Jul 25 2012
By Ikechukwu Nnochiri
ABUJA — The Federal Government, yesterday, approached the Abuja Division of the Federal High Court, asking it to order the immediate forfeiture of $15 million allegedly given to the Economic and Financial Crimes Commission, EFCC, by the jailed former Governor of Delta State, Chief James Ibori, as bribe.
Federal Government, via an ex-parte originating summons it filed in court, yesterday, said the cash was received by officers of the EFCC from an undisclosed agent of the ex-governor in 2007, as a bribe to compromise his investigation.It told thecourt that the commission under its former Chairman, Mallam Nuhu Ribadu, deposited the money into the strong room No 1 of the Central Bank of Nigeria, CBN, on April 26, 2007, stressing that Ibori has since denied giving the cash to either the EFCC or any of its officers.
Consequently, Federal Government, alongside the Attorney General of the Federation and the EFCC, which were listed in the suit as the 1st to 3rd applicants respectively, yesterday, beseeched the court for “an interim order forfeiting the sum of $15,000, 000 (Fifteen million dollars) being an unclaimed property in possession of the Central Bank of Nigeria, to the Federal Government of Nigeria pending the publication and hearing of the motion on notice for the final forfeiture order of the said property.”
As well as, “an order of this honourable court directing the publication in any national newspaper of the interim order under relief one above, for anyone who is interested in the property, to appear before this honourable court to show cause within 14 days, why the final order of forfeiture should not be made in favour of Federal Government of Nigeria.”
Meantime, CBN was listed as the only defendant in the application which was filed pursuant to section 17 (1) (2) (3) and (4) of the Advanced Fee Fraud and Other Fraud Related Offences Act No. 14, 2006.
After listening to legal submissions by EFCC lead prosecutor, Mr. Rotimi Jacobs, SAN, who represented all the applicants, yesterday, Justice Gabriel Kolawole maintained that if by September 17, 2012, no one showed up to lay claim to the money, the $15 million bribe would be forfeited to the Federal Government.
Besides, in a 14 paragraphed affidavit deposed by one Bello Yahaya who was one of the investigators assigned by the EFCC to investigate the criminal case against Ibori, he told the court that: “while the investigation was going on, on 25th April, 2007, Mallam Nuhu Ribadu, the then Executive Chairman of the EFCC called the investigation team headed by Mr Ibrahim Lamorde the then Director of Operations, to pick up cash in the sum of USD 15, 000, 000. 00 (Fifteen Million Dollars) given to him and the Commission through an undisclosed agent of the said James Ibori.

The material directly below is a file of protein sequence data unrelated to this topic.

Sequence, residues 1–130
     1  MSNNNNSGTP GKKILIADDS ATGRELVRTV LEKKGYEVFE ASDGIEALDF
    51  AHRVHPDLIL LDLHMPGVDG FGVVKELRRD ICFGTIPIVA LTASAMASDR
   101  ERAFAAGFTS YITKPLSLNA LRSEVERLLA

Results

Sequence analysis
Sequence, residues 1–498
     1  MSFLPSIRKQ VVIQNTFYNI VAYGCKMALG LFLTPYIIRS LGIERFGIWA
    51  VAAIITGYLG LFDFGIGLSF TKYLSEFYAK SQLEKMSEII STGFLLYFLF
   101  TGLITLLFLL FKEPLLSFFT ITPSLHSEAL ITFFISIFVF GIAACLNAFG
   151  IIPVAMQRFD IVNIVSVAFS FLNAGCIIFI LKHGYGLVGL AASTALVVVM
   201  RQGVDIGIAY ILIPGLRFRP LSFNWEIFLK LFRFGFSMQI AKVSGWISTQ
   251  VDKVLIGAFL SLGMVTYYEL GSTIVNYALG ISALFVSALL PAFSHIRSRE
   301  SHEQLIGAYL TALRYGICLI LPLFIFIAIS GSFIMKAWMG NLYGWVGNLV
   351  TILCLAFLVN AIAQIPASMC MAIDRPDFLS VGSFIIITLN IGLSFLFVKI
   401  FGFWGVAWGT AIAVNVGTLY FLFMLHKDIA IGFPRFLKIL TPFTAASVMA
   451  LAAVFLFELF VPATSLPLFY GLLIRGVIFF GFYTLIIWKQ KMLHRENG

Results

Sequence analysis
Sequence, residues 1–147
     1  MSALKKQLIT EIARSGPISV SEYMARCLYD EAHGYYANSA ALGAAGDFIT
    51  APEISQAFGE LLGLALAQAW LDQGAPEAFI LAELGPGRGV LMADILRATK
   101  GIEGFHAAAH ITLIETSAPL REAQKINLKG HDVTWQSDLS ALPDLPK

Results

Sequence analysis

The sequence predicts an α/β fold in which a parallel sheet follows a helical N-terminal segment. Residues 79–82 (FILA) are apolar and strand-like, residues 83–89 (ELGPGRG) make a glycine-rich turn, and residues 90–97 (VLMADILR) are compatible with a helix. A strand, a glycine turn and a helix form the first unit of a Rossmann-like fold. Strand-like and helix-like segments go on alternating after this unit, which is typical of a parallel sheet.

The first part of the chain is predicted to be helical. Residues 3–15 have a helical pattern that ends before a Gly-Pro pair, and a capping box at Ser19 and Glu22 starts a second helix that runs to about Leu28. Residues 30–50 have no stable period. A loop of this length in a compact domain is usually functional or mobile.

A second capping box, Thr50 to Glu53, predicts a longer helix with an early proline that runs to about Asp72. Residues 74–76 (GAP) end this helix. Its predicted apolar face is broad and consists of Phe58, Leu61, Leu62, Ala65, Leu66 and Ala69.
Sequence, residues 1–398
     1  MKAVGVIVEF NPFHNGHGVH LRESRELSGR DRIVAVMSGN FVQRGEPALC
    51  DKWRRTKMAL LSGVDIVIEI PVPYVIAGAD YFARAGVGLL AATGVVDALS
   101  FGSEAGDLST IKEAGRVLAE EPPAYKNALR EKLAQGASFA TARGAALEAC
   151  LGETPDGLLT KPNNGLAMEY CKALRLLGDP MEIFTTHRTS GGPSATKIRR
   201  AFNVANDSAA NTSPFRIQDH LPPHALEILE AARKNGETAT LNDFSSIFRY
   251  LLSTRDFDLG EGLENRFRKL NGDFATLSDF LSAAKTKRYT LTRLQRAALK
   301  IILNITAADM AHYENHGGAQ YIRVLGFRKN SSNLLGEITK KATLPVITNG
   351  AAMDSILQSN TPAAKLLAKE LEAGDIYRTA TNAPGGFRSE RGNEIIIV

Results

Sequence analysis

“That upon picking up the said USD 15, 000, 000. 00 (Fifteen Million Dollars) we deposited same on 26th April, 2007 with the Central Bank of Nigeria which was duly acknowledged and signed for by one M.M El-Yallud, a staff working in strong room 1 of the CBN.
“That from the said 26th April, 2007, the money remained in the custody of the CBN till date. The issue of giving bribe was raised by me in my affidavit sworn to on 9th January 2008 in opposition to James Ibori’s bail application when he was eventually charged to court for Money Laundering Offences.
“James Ibori denied through his reply to counter affidavit dated 10th January, 2008, of giving the sum of USD 15, 000, 000. 00 (Fifteen Million Dollars), to EFCC or its officials. That ever since April, 2007, no one has claimed ownership of the said sum and it has since remained unclaimed money in the strong room of the CBN.
“That the said sum if left untouched and unspent in the state it was kept in the strong room since April, 2007, may eventually be destroyed, defaced, mutilated and become useless.
“That it is in the interest of justice to, in the interim, make an order of forfeiture to the Federal Government of Nigeria and allow publication to be made in the National Newspaper to alert any interested member of the public to come out within 14 days to show their interest, failure to which this honourable court will make an order of final forfeiture in favour of the Federal Government of Nigeria.
“That the EFCC is ready to abide by the order that this honourable court will eventually make. It is in the interest of justice to grant this application,” he added.
It would be recalled that Ibori, 49, who was Governor of oil-rich Delta State between 1999 and 2007, was sentenced by a Southwark Crown Court in London for 13 years following his alleged complicity in a $250 million fraud while he was in power.
Scotland Yard maintained that during his two terms as Governor, Ibori, “systematically stole funds from the public purse, secreting them in bank accounts across the world,” in a fraud worth $250 million.
Earlier in February this year, Ibori had pleaded guilty to one count of conspiracy to launder money, five of money laundering and one of obtaining a property transfer by deception.